The Following thought for the day was written by Brother Richard Morgan and provides insight and encouragement for those seeking to serve the God of Israel.
It’s easy to see how 2 Samuel 22 applies to the Lord Jesus Christ. The historical background of the chapter, which is almost word for word the same as Psalm 18, says “And David spoke to the Lord the words of this song on the day when the Lord delivered him from the hand of all his enemies, and from the hand of Saul.” (v1). What David encountered when facing his enemies is what Jesus met, through his ministry with the scribes, Pharisees and chief priests, and finally on the cross and his subsequent resurrection, in which he defeated the greatest enemy of all, death. If you read through the chapter, you’ll be able to see echoes in the first half with Christ’s death, and in the second half with his resurrection.
Seeing 2 Samuel 22 as a messianic psalm means what it says in verses 21-25 shouldn’t surprise us. For instance, in verse 21, it says, “The Lord dealt with me according to my righteousness; according to the cleanness of my hands he rewarded me.” Jesus was righteous, and he “kept the ways of the Lord” (v22). Jesus could also claim he had “not wickedly departed from my God.” (v22). Jesus was sinless, and verse 23 sums it up – “For all his rules were before me, and from his statutes I did not turn aside.” The next verse says the same thing in different words – “I was blameless before him, and I kept myself from guilt.” (v24) and verse 25 is a repeat of verse 21 (forming, in this section, a chiasmus.)
The passage teaches us that Jesus defeated the enemy of sin. It’s therefore easy to move on from these verses and think they can’t possibly apply to us. We’ve recently read in Romans, “None is righteous, no, not one” (Rom. 3:10). We’re not good at keeping God’s ways, we wickedly depart from Him, breaking His rules and statutes, we’re not blameless, and we are guilty. When we look at this passage, it’s clear we’re the complete opposite!
When we think about God’s righteousness, summed up in the rules and statutes contained in the principles governing the Law of Moses, we have a hard time fathoming how we could live up to the example of Christ.
However, let’s look at what David said here from another angle using another of today’s readings, Romans 13. There Paul tells us, “the one who loves another has fulfilled the law.” (v8). He then lists some of the commandments, sums them up by saying they are all fulfilled when we love our neighbors as ourselves (v9) and finishes it off by saying, “Love does no wrong to a neighbor; therefore love is the fulfilling of the law.” (v10).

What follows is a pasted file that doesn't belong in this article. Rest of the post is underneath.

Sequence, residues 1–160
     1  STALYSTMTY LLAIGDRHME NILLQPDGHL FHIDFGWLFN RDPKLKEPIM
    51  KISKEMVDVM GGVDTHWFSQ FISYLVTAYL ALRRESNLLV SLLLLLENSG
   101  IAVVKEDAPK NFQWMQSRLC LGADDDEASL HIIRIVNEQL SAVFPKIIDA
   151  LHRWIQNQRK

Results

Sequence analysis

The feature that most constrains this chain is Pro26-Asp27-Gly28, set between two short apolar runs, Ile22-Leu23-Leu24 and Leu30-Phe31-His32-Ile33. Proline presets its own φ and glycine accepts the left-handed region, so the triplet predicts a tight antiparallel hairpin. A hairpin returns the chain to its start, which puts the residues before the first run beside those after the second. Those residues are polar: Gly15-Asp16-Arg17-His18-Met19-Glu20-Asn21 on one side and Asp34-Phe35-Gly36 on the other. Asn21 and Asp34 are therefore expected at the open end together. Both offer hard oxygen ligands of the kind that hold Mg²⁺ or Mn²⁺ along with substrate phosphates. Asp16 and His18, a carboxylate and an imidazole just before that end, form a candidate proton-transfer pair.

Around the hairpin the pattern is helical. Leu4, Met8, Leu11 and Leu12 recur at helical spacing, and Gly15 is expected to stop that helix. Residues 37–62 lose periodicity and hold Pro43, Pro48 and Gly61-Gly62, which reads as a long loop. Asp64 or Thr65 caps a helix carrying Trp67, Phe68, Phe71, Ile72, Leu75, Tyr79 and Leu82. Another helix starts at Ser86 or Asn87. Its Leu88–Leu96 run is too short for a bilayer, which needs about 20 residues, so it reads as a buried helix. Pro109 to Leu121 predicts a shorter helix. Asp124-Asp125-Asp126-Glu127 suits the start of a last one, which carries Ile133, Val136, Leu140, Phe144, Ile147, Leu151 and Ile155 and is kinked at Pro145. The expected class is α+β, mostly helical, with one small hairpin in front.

It seems too simple. All the rules and statutes found throughout Exodus, Leviticus, Numbers, and Deuteronomy summed up by love. But you only have to think about it for a few moments to see how right Paul was. If I love my neighbor, I am not going to do things like stealing his property or lie about him. If you owned a slave in Bible times and loved your slaves, you would treat them according to the principles of slavery outlined in the Law. Think of it this way round: let’s say you had a slave and didn’t love him but still kept yourself within the bounds of the laws of slavery. Would you have fulfilled the law? According to Paul, in Romans 13, no.
And perhaps that’s our problem. We get so fixated on the letter of the law that we miss its point and fail to fulfill it because we aren’t concentrating on the spirit behind it – to love one another.
It is true that we can’t keep that section in 2 Samuel 22 perfectly. Sometimes we don’t love our neighbor. But by concentrating on love, on how we treat one another, we can see beyond the difficulties of obeying hundreds of commandments and stand before Christ with a good conscience that we have followed his example. After all, the psalmist says in the next verse, “With the merciful you show yourself merciful” (v26). That’s what God looks for in His children, those who treat them in the way He treats us. If we do that, we fulfill the law. Maybe not its letter, but that doesn’t matter; it’s the spirit that counts.
Simi Hills, CA
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